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Structure: The review should critically assess the aims, arguments, and content of the book. Be concise.
1. Title and bibliographic information
a. Complete book title, author, publisher and place of publication, publication date, ISBN number, and number of pages.
2. Introductory paragraph (Hook)
a. Start the report by setting the scene. For example, the book may focus the challenges of studying ecology in the Arctic, so you might set the scene by briefly describing the formidable conditions of the area (vivid landscape descriptions), or some other striking aspect of the context of the book (e.g., accounts of inquisitive animal behaviors or seemingly bizarre plant adaptations, or treaties on environmental issues on climate, invasive species, collapse of fisheries, etc.). Consider researching the authors background. The inclusion of some of this information in the introductory paragraph often works well in providing context. Was the author always walking around, looking and poking into things, typified by Gilbert White or Henry Thoreau, who developed models of human life integrated into a beloved landscape in their writings? Or was author more like Rachel Carson, Aldo Leopold or Loren Eisely, institutionally trained, who worked with expanded knowledge (not from intuition) of the biosphere’s interdependence (stuff of ecology). How did the author translate information into feelings and visions? Perhaps some of this info should also go to the main text.
3. Establish aim of book and summarize it (Body)
a. Include the aim(s) of the book and whether or not the aim(s) are achieved.
b. Describe how the authors partition the book to meet the aim. Avoid falling into the trap of stating what every single Chapter looked at.
c. Succinctly highlight aspects of chapters that interested you. Were there any arguments in the book that you found particularly persuasive or ingenious? Were there any actions described in the book that you found unusual, innovative, or intrepid? What is special about those arguments or those actions?
d. Consider answering the following questions if relevant to your book:
i. Has the author imbued, in the essay or book, his or her field of studies (marine biology, anthropology, cellular biology, astronomy, botany or whatever s/he was trained in), with humanistic concerns and poetic resonance?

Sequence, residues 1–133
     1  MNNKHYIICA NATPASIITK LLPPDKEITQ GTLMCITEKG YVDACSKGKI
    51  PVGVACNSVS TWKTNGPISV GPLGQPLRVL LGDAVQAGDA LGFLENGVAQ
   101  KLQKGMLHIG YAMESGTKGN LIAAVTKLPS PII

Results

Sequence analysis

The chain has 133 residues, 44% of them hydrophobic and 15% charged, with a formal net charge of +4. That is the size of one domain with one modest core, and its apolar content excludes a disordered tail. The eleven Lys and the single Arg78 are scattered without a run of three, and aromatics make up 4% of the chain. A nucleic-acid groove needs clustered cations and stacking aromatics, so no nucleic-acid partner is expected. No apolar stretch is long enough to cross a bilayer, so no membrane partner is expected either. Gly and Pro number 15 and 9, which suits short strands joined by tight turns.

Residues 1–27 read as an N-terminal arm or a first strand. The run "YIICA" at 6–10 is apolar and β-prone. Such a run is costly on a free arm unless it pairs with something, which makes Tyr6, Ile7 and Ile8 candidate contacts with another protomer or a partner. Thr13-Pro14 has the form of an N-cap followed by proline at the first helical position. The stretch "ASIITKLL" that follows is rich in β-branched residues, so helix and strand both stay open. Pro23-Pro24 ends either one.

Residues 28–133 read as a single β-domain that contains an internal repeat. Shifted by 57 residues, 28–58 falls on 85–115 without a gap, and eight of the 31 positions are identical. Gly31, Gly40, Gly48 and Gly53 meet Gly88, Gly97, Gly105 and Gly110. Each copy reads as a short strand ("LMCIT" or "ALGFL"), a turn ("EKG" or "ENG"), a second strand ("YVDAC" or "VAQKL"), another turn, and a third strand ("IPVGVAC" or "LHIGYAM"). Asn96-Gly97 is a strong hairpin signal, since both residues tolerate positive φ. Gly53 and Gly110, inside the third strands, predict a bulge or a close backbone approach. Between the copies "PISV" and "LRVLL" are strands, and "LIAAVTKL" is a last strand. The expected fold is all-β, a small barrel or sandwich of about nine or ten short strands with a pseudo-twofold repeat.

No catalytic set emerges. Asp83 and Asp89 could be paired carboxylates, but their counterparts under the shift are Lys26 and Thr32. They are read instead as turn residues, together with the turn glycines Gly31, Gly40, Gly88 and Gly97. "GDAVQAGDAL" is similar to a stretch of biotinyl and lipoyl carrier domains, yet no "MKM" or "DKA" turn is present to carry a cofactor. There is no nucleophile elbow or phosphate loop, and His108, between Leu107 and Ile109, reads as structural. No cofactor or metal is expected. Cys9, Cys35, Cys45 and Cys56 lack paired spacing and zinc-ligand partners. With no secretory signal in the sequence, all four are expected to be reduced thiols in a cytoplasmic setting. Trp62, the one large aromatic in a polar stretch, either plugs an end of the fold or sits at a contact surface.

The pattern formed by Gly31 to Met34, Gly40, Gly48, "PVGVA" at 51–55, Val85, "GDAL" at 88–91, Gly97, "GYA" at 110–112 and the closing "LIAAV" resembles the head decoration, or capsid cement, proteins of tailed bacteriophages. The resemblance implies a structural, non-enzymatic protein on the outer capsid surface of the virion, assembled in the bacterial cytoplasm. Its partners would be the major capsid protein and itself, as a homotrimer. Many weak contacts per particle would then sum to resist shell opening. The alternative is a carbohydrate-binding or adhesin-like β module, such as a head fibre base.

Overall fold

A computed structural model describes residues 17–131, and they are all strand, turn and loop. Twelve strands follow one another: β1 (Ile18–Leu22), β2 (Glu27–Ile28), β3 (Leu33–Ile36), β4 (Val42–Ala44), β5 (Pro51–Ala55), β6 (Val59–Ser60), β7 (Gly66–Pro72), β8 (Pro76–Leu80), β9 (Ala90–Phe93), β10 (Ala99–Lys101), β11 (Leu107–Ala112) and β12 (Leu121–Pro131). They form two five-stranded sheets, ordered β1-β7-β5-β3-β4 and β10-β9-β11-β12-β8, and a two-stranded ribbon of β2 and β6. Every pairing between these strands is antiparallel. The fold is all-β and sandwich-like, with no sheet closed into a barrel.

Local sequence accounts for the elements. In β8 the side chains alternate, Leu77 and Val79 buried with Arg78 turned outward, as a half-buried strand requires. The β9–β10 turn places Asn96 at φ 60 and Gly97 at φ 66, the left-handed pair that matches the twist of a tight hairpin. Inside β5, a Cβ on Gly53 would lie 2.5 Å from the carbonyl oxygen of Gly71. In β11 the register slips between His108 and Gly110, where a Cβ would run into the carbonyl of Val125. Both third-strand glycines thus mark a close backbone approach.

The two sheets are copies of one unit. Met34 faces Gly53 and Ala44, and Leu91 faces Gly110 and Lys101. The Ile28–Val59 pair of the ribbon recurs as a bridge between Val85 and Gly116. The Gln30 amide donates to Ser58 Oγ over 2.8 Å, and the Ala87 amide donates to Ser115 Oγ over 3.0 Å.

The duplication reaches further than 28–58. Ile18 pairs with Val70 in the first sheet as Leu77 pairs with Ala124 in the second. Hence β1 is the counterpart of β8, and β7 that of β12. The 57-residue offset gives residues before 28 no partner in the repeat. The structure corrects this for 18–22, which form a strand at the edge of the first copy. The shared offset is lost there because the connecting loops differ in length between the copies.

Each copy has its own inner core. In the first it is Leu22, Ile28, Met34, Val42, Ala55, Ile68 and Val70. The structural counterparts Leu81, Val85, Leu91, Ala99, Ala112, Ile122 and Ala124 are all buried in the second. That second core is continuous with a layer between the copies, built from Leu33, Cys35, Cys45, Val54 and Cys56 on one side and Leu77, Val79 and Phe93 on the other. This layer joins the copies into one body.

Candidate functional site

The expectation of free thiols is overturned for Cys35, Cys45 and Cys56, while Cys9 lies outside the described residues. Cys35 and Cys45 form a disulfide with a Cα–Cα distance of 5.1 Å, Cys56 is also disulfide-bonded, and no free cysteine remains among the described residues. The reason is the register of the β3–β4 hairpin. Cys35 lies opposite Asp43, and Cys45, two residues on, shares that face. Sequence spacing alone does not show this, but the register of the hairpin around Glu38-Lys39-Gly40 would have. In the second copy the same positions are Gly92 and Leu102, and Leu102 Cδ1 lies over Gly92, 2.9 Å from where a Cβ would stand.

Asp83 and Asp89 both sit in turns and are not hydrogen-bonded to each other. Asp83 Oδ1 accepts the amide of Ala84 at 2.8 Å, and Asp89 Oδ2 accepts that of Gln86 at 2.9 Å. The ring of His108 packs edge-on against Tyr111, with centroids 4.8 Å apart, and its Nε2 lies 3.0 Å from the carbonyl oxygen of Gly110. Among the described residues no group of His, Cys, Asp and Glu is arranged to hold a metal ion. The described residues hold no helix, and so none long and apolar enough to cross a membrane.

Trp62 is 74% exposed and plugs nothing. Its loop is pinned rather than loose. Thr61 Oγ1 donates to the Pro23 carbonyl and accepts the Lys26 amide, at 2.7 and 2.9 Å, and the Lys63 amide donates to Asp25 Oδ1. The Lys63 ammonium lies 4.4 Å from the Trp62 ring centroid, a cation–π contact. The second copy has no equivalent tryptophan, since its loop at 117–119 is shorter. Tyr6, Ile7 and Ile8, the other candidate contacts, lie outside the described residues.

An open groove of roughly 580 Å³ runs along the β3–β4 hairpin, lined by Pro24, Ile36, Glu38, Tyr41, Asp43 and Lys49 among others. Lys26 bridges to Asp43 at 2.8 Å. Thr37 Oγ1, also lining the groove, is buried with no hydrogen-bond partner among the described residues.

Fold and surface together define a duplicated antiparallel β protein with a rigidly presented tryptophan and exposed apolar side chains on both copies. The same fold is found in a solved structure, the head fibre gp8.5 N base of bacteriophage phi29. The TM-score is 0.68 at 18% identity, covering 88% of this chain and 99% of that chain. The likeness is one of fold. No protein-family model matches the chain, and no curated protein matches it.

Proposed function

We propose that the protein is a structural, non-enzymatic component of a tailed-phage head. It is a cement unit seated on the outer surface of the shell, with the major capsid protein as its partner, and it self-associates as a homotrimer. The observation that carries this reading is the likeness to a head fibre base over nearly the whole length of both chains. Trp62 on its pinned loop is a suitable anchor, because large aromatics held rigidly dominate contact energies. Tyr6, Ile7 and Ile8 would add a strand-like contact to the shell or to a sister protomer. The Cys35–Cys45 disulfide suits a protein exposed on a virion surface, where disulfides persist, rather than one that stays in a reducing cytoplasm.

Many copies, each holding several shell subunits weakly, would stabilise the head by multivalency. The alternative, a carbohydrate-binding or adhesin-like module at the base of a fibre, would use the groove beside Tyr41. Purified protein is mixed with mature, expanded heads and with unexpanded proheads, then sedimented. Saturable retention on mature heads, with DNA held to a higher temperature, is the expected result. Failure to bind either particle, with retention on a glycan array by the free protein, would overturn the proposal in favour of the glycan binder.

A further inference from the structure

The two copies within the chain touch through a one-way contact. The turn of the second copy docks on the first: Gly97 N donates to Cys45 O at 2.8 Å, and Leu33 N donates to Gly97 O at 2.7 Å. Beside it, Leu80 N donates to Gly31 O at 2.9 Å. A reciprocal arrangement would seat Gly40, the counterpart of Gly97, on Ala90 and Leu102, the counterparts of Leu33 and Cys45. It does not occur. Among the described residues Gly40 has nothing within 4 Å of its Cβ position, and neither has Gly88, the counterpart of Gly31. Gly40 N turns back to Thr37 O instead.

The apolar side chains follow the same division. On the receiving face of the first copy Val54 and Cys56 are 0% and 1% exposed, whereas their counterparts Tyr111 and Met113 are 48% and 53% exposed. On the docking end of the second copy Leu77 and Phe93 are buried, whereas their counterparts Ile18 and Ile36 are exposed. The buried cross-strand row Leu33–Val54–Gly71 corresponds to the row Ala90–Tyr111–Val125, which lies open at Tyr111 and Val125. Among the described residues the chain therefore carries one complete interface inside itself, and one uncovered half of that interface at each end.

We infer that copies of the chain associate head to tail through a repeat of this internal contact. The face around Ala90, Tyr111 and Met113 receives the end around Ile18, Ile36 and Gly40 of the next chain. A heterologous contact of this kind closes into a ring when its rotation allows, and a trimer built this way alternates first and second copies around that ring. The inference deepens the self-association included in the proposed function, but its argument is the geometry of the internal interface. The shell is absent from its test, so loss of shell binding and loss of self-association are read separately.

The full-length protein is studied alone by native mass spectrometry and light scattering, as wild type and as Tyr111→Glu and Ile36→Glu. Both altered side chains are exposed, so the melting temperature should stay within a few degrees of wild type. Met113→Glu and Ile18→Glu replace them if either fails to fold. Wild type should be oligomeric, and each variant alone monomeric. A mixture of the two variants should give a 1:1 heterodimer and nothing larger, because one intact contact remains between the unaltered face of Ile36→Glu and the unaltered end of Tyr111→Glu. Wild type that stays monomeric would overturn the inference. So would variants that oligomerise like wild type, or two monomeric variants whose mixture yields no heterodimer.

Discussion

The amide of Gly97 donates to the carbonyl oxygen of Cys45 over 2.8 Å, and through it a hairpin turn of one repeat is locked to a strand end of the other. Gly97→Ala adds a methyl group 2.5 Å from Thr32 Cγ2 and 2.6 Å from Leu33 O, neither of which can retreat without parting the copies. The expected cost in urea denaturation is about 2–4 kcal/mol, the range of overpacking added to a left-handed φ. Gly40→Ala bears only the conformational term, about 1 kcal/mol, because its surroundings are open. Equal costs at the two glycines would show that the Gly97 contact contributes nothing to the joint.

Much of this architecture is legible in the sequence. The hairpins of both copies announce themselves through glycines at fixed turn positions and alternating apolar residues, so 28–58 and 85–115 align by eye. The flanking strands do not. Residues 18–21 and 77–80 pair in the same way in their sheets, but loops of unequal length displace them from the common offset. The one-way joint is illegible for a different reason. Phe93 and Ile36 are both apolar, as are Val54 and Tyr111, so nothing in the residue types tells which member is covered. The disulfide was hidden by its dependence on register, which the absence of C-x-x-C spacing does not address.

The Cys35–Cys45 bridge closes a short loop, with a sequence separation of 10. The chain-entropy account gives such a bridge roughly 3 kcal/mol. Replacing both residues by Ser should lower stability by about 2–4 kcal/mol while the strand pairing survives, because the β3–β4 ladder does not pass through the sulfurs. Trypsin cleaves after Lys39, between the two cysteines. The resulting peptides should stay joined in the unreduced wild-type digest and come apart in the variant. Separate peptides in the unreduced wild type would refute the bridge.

ii. No idea has been more influential and inspiring than the grand spectacle of evolution, to understand the nature of nature and arrays of biodiversity. Ecology provides physical place or environment for this evolutionary dance that species perform. Where do you think the author stands in that regard? In other words, has the writer explained his or her observations of nature in light of evolution? Note that the web of life is composed of two distinct threads one that links organisms at any given moment in time through the flow of energy (ecology), and another that connects all biota through deep time via genetic information and shared common ancestry (evolution). Ecology and evolution (that is, ecology from the perspective of evolution), in a single theme, provide a robust scientific platform for understanding nature and appreciating its diversity.
iii. How does the author use his personal voice/perspective/experiences and his scientific knowledge to explore the complexities of the natural world? Remember that the overall aim of ecological science is to understand biodiversity and the factors influencing species distribution and abundance and their interactions with their biotic and abiotic environment (as members of communities and in the context of ecosystems they are part of). The bigger goal is to understand our place in this grand design of nature: Where do we really belong in this bewildering design?
4. Emphasize the strengths and weaknesses (Body)
a. Address positives/strengths by highlighting the objective value of the content of the book and your own personal experience reading it. However, avoid making the book report about you.
b. Address negatives/weaknesses in a constructive light. While writing about the weaknesses of the book, think always in terms of positive criticisms. State the issue and describe how a future edition could address your concerns. Again, make sure that you keep the book report on the book, and not on you.
c. To do this, ensure your review focuses on the books contents, its main argument (or your argument about the book) and dont wander. Do not spread yourself too thinly. In that case, you will lose your potential readers. Remember that you need to hook the readers from the beginning to the end.
d. Minimize quotations. If you must quote, select a short one and do not go beyond two quotes. Any more and the book report starts looking like, well, the book!
e. Independently, state the problems and issues the world currently face and challenges to overcome these problems. [The author may have stated the contemporary problems the world faces with his or her own lens that may differ from yours]. How the author, in your opinion, should have addressed the important challenges the humanity is currently facing.
5. Resolution (Conclusion)
a. The last paragraph should include a few sentences that state what the book succeeds in doing and how the fields of research explored by this book are enriched by the books addition.